Shannon Hwang ’20, an electrical engineering and computer science major who also plans to complete the Energy Studies Minor, agrees. “I’m probably not going to work in a quantitative energy field, so it’s probably going to be more useful to me to write papers,” she says.
Team of advisors
Transforming the class into a CI required a change in staffing, Jaffe says. While the class was previously taught by two physics faculty members and one teaching assistant (TA), this year 8.21 is being taught by Jaffe and a specialist from Writing, Rhetoric, and Professional Communication (WRAP), an MIT center focused on providing support for CI courses.
WRAP staffer Rodger LeGrand, a lecturer in Comparative Media Studies/ Writing, conducts one interactive session every week in which students read and analyze writing, discuss what works well in communicating technical topics, and practice. “That’s our lab,” says LeGrand, who also provides one-on-one coaching to help students plan, draft, revise, and polish their written work. “They’re making observations, and we’re talking a lot about those [observations] as writers and readers.”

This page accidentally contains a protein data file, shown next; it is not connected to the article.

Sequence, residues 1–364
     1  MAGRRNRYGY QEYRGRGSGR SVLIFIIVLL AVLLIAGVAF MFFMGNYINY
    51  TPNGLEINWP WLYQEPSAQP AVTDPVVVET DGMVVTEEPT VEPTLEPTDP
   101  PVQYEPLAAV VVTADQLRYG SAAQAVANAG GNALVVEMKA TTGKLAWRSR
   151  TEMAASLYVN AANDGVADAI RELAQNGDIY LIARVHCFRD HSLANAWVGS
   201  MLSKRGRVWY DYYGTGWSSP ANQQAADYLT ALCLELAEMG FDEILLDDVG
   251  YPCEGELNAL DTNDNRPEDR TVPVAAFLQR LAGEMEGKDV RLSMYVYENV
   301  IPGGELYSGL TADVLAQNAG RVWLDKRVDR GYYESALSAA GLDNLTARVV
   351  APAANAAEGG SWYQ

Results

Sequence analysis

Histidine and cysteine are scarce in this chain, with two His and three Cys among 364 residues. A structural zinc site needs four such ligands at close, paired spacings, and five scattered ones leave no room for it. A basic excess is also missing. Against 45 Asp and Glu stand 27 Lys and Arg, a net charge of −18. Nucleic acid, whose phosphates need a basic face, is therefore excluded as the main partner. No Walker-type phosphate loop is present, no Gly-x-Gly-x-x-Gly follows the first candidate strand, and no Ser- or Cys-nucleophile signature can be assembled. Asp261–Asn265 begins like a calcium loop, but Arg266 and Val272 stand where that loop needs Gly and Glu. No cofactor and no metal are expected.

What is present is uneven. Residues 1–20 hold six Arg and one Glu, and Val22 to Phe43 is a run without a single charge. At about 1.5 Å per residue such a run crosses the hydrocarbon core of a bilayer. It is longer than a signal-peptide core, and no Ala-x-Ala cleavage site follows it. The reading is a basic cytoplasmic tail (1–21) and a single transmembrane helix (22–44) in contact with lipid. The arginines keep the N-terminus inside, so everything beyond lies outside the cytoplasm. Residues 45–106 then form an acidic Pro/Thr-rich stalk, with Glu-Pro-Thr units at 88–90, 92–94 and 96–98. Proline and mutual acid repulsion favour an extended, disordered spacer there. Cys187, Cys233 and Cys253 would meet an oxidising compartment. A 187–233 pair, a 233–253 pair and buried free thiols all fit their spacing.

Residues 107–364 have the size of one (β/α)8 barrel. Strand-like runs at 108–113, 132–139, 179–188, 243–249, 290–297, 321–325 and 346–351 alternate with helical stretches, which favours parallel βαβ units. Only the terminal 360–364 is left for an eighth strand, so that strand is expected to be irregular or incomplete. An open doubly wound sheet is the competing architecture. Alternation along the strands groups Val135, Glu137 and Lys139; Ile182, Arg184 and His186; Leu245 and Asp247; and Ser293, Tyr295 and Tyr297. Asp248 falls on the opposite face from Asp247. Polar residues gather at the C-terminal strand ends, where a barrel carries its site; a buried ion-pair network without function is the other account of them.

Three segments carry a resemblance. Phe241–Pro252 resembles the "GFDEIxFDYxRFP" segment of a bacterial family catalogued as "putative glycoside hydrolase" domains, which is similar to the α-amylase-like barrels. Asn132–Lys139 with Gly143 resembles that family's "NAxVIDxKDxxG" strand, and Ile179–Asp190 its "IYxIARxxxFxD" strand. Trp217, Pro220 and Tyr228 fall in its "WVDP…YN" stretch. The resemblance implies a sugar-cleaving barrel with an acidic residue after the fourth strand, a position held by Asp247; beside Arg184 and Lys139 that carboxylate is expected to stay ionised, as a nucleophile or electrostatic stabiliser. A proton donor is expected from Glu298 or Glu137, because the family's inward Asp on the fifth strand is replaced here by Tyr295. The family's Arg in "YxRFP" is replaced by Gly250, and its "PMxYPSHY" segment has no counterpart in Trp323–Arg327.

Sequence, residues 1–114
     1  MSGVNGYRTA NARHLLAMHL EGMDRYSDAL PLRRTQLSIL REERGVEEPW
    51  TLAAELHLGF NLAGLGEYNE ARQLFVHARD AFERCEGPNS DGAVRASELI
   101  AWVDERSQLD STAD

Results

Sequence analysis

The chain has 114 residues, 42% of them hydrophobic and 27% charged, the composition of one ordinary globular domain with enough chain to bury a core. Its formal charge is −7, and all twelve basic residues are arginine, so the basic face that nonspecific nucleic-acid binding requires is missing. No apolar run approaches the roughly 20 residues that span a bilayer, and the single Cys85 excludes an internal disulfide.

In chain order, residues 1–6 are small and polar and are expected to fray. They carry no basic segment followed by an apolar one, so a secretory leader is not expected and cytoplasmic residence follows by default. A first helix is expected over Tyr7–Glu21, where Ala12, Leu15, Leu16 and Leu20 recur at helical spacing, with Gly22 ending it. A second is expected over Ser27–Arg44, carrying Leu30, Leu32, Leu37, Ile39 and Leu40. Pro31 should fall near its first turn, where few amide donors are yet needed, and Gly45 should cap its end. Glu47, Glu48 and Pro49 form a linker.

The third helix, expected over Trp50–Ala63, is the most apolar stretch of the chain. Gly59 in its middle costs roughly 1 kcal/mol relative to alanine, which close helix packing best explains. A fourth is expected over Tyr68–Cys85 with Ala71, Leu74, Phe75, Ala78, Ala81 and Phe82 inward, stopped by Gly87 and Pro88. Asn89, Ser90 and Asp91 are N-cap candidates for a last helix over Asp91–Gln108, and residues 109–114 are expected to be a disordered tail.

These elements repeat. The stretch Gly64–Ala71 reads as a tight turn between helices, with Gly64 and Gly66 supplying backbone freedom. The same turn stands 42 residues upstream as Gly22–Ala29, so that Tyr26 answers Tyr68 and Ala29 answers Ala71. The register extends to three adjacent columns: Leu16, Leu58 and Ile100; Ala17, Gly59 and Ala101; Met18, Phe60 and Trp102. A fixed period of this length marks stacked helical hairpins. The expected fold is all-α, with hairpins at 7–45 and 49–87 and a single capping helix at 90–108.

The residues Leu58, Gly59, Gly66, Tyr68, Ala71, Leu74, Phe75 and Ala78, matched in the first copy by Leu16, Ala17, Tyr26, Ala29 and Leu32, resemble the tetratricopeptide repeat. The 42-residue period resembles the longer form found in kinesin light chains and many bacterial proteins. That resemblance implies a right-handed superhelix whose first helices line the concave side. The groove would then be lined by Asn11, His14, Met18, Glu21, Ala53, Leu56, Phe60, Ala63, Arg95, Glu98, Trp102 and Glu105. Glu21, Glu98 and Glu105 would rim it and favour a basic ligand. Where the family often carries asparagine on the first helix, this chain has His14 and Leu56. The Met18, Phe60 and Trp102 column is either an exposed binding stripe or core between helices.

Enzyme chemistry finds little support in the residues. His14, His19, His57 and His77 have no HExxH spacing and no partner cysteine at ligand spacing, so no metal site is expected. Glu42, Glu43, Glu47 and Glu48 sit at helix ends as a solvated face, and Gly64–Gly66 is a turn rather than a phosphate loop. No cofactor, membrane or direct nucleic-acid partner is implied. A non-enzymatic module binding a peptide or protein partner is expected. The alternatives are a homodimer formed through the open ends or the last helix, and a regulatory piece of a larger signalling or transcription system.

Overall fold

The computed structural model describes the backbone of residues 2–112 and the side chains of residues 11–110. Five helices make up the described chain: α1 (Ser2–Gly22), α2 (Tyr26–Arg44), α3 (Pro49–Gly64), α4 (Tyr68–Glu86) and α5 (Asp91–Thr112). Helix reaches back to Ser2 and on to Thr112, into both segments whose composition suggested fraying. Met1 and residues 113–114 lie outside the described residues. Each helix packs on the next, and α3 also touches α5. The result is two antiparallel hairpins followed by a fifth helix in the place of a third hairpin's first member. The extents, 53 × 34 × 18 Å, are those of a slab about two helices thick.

In addition to Jaffe and LeGrand, 8.21 is also staffed by a TA from physics and a corps of eight subject matter consultants lined up to help students take deep dives into energy topics for the subject’s two writing assignments. “It’s nice to have so many advisors,” says Andrew Turner, a PhD student in physics who serves as TA for the class and leads a weekly recitation section focused on the physics content of the course. “Because the course covers such a broad range of topics, it’s impossible to find someone to cover all the material.”